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The Pacific Ocean named by Magellan means peaceful but our experience with this vast body of water has been anything but tranquil.
I'm writing this from the Johnston Atoll, an island off limits to civilians. As some of you may have heard Taeping had an unfortunate accident about 240 miles northwest of here and this is a short version of what happened.
We left Honolulu 31. January destined for Yokohama, Japan, with a crew of nine plus the skipper, Nick Fleming. From the starting line we had very strong trade winds interspersed with squalls, with some gusts ranging upto 40-45 knots. Spinnaker sailing was out of the question and we were running down wind with a jib "goosewinged" at the end of the spinnaker pole. As the week progressed the winds strengthened to the point that we had to put a reef in the main and set a smaller jib even with the wind behind us.
On Thursday (4/2/99) morning at around 5 am local time (GMT - 10 hours) we were
hit by a squall with 40+ knot winds and torrential rain.
I was on the helm at the time. The
boat veered sharply to port backing the goosewinged jib.
Seconds later the shackle which attached to the spinnaker uphaul (keeps
the spinnaker pole up) released sending the pole in the water.
By this time the boat is doing in excess of the hull speed, 10.5 knots,
and the howling wind makes it almost impossible to heard each other no matter
how close. The pole is still
attached to the boat but straining to break loose.
I shout to Nick to get "all-hands on deck" to stabilise Taeping
ASAP. In short order the crew is
assembled in the cockpit with orders what to do.
The jib is brought under control and lowered and the pole retrieved from
an angry ocean. The only damage
suffered was a bent spinnaker pole and some frightened crew members.
On Thursday (4/2/99) morning at around 5 am local time (GMT - 10 hours) we were hit by a squall with 40+ knot winds and torrential rain. I was on the helm at the time. The boat veered sharply to port backing the goosewinged jib. Seconds later the shackle which attached to the spinnaker uphaul (keeps the spinnaker pole up) released sending the pole in the water. By this time the boat is doing in excess of the hull speed, 10.5 knots, and the howling wind makes it almost impossible to heard each other no matter how close. The pole is still attached to the boat but straining to break loose. I shout to Nick to get "all-hands on deck" to stabilise Taeping ASAP. In short order the crew is assembled in the cockpit with orders what to do. The jib is brought under control and lowered and the pole retrieved from an angry ocean. The only damage suffered was a bent spinnaker pole and some frightened crew members.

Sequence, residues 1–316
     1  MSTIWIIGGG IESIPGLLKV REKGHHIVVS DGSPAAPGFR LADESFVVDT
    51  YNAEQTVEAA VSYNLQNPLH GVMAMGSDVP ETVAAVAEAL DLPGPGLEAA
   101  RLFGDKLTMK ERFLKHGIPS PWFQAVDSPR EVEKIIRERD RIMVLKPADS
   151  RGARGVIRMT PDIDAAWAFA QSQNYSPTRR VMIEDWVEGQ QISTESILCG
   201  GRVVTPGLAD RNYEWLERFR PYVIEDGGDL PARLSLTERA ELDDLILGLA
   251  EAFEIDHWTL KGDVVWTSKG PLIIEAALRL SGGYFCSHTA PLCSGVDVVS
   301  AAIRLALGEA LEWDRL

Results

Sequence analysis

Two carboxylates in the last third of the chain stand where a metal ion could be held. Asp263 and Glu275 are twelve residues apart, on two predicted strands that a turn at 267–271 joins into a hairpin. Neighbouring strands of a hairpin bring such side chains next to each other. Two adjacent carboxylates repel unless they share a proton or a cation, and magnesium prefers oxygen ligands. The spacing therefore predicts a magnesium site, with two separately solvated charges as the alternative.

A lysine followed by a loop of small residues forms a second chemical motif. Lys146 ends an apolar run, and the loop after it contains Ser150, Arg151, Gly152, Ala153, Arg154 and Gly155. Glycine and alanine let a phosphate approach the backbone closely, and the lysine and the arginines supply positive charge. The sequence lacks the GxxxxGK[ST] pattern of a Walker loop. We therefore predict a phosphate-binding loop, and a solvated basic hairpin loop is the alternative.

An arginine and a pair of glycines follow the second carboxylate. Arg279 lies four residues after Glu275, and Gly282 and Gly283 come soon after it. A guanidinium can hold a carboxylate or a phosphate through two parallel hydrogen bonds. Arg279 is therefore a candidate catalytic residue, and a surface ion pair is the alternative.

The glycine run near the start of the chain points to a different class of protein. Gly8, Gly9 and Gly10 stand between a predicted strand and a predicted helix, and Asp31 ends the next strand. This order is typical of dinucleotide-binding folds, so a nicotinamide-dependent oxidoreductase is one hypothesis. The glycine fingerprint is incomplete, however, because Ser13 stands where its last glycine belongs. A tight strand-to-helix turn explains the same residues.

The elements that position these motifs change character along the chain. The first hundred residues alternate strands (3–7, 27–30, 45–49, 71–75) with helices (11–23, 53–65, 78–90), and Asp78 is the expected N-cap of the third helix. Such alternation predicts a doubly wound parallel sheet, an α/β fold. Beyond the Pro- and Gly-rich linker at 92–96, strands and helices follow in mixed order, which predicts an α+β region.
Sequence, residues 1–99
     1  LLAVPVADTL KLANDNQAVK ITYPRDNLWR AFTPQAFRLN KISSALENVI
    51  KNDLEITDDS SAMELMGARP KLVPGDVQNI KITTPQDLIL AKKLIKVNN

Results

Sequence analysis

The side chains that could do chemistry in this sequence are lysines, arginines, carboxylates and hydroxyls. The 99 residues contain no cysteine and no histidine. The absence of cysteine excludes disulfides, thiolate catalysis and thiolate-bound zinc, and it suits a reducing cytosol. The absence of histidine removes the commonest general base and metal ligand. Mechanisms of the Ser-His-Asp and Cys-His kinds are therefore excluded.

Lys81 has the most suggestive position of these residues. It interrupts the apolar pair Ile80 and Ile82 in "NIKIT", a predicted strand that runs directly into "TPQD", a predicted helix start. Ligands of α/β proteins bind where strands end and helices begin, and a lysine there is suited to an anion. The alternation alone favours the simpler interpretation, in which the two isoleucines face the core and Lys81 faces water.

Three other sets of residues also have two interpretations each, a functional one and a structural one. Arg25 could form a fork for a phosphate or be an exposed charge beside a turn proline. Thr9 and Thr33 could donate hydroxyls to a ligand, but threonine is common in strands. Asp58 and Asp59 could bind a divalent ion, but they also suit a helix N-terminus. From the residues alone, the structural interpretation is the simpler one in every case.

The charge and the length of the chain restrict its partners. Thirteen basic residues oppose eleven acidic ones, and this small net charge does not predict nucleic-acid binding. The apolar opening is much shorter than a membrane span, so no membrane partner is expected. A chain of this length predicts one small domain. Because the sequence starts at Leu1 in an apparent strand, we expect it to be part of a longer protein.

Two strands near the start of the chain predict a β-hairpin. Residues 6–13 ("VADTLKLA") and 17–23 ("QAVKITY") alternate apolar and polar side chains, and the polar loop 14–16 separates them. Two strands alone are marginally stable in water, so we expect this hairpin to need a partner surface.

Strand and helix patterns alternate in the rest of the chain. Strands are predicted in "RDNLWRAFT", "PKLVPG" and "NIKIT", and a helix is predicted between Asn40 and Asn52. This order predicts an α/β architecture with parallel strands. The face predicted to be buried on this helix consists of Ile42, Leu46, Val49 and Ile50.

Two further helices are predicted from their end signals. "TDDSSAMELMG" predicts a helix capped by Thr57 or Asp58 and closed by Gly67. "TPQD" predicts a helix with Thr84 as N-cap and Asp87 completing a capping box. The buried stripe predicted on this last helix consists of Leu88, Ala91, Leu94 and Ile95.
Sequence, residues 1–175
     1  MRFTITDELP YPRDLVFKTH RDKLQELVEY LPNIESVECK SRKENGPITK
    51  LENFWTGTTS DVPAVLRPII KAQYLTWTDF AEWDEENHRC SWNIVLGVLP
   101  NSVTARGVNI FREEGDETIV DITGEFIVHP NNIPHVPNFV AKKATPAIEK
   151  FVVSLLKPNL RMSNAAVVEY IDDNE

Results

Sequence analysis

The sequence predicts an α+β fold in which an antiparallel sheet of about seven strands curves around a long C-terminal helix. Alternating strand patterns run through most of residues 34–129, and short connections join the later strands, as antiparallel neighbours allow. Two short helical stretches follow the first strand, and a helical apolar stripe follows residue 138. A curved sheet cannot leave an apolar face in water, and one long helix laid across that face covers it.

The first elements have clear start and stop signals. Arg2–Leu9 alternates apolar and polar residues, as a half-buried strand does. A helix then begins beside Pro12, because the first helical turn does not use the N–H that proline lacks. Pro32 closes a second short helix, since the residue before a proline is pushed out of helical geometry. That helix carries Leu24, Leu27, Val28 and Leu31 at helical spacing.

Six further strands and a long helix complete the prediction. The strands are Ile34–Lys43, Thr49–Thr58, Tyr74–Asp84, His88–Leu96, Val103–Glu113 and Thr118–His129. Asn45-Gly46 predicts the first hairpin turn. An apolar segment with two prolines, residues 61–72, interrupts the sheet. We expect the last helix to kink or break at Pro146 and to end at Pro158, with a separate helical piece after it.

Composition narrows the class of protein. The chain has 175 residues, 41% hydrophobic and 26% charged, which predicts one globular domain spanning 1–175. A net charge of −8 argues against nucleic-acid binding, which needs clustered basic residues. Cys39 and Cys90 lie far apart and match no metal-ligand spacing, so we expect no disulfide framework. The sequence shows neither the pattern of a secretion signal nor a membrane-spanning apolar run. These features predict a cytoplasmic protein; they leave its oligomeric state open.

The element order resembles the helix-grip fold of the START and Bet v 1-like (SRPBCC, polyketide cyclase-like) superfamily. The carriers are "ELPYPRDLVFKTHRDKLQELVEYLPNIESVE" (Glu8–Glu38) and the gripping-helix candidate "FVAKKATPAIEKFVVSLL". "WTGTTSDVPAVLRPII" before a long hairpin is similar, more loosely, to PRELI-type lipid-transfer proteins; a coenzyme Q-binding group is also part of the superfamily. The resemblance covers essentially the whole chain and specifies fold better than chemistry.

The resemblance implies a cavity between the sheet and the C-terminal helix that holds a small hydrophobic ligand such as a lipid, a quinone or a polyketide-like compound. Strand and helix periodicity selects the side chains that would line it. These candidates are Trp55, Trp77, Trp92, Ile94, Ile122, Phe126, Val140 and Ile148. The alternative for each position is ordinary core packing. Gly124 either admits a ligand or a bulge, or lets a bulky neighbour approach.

Friday (5/2/99) morning at about the same time Taeping was not as lucky.
My fellow watch members and I were down below resting prior to getting on
duty at 6 am. The radar showed
another squall approaching, which is a common occurrence (averaging about 7-8
every night). What we never know is
how strong any particular one will be.
Friday (5/2/99) morning at about the same time Taeping was not as lucky. My fellow watch members and I were down below resting prior to getting on duty at 6 am. The radar showed another squall approaching, which is a common occurrence (averaging about 7-8 every night). What we never know is how strong any particular one will be.
This was another big one.
Just after it hits us and it is apparent how strong it is, Nick calls "all-hands on deck". Tim Richmond, a round-the-world crew member on duty, had gone forward to retrieve the jib together with another crew member. When they are in the pulpit (the front) the main sail jibs. Jibing under these circumstances is a very dangerous situation both for crew and the boat. A sheet (rope) called a "preventer" is attached to the main boom to prevent it from jobing. Under the tremendous strain the preventer tore loose the shackle which held it to the deck and in the process caught Tim's left leg. The leg was almost completely sheared off above the ankle with the exception of a few tendons, nerve endings and blood vessels.
As soon as the boat was brought under control, medical supplies were broght forward and we did a bandage and provisional splint on his open fracture. I had the uneviable task of putting his foot back where it should have been.
The next two days where spent beating into 30-35 knots wind to reach the nearest human habitaion which was Johnston Atoll. The crew was split into caring for Tim and sailing the boat as fast as we safely could. Nearing the atoll a C-130 Hercules was sent aloft to verify our position and give us clear guidance on how to approach. 54 hours after the accident we reached the atoll where military paramedics were on standby ready to airlift Tim to Honolulu. His fever was 101-102 degrees Fahrenheit but during the whole ordeal not one word of complaint. This man is made of stern stuff. Four hours after arrival he was fitted with a new splint and on his way to surgery in Honolulu.